Step 1: How to use project journals
Teachers need to allow time for journal entries (10 minutes for each drawing during a field trip or in-class history lesson). Students should have a minimum of three entries per field trip or in-class session.
How to use the project journal:
- Use pencil.
- Use journals for all project activities.
- Encourage both drawing and writing and give sufficient quiet time for drawing during field trips and in class.
- Label entries with date, location, and interviewee’s name.
- “Sloppy copy” = okay
- Teachers keep journals too!
Step 2: Deciding the mural composition
- Classroom teachers work with a teaching artist on composing and creating a mural.
- Classroom teachers work with the art teacher on composing and creating a mural.
- Classroom teachers work with their students on deciding the mural composition.
- The mural can be permanent or temporary, located in the classroom or a public place within the school.
Classroom Teacher Led Mural Project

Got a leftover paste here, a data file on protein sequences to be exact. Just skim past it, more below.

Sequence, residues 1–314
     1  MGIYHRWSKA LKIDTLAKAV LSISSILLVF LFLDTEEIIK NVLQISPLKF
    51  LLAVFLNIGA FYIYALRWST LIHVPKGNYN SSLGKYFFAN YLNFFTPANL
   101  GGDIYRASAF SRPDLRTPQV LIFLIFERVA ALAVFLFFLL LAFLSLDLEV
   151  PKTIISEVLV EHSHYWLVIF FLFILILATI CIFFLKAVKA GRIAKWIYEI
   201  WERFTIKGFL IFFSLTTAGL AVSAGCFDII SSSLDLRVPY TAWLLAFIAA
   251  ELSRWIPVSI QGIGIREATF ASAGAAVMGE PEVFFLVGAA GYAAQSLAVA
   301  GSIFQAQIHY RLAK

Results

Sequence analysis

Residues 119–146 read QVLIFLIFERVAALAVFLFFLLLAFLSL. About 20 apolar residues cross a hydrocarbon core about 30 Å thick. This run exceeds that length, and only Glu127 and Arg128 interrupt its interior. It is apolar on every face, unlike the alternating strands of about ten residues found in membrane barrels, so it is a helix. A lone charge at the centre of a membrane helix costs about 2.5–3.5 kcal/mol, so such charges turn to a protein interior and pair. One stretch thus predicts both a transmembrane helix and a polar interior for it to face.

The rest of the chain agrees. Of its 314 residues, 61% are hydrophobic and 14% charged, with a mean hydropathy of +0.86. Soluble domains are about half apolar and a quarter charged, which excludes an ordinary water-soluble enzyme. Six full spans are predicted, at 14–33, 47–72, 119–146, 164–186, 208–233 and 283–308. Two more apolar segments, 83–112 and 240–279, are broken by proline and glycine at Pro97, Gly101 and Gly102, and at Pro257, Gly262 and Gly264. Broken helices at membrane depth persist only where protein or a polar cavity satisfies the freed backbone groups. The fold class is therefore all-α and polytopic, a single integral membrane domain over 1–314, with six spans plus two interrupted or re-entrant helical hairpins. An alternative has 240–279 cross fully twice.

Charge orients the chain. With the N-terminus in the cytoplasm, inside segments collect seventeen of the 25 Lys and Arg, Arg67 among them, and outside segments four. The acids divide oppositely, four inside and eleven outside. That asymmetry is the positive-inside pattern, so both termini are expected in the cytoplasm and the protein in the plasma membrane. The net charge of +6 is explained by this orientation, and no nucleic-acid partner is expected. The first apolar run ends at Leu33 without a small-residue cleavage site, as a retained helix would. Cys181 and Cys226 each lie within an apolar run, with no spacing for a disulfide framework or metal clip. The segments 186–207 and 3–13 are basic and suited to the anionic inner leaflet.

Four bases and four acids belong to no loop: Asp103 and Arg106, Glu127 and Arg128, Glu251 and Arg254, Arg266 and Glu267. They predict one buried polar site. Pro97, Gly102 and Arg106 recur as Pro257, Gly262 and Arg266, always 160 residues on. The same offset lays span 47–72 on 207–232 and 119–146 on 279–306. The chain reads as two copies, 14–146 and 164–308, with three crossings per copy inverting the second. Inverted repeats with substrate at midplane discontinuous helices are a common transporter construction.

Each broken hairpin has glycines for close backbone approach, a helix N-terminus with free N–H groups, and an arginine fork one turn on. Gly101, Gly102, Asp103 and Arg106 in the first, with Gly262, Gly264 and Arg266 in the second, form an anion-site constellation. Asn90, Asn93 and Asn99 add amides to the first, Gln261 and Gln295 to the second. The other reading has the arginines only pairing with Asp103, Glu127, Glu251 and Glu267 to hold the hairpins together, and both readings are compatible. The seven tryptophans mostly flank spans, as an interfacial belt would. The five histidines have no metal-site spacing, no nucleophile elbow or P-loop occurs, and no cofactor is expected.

At the conclusion of the research unit, the classroom teacher holds a brainstorming session with the class.
The teacher assigns students to small groups where they will sit. Each group is given a topic to report on to the class. The teacher asks each student to look through their journals for ideas on what is important to share about the field trips and in-class learning during the unit. The classroom teacher writes down all the ideas that are generated by the students on each specific topic.
Journals are then collected and stored so the classroom teacher can gather the images that were collectively decided upon to use for the mural.
Teaching Artist Led Mural Project
At the conclusion of the research unit, the teaching artist collects the journals and creates a layout for the mural that uses a selection of the drawings and text from the student journals. The mural is designed to fit the dimensions of an agreed upon permanent location and is composed of 3–5 panels of collaged drawing and text with a separate title panel.
The teaching artist visits the classroom and presents the proposed mural idea. Classroom teachers and students have an opportunity to respond and provide feedback to the teaching artist. The teaching artist takes notes on the feedback provided and makes revisions based upon the feedback. She/he then sends the final layout to the classroom teachers and principal for approval.
Teaching Tip: Along the way, the teacher can ask certain students to either further develop one of their drawings or create a new drawing on a topic that is needed for the mural.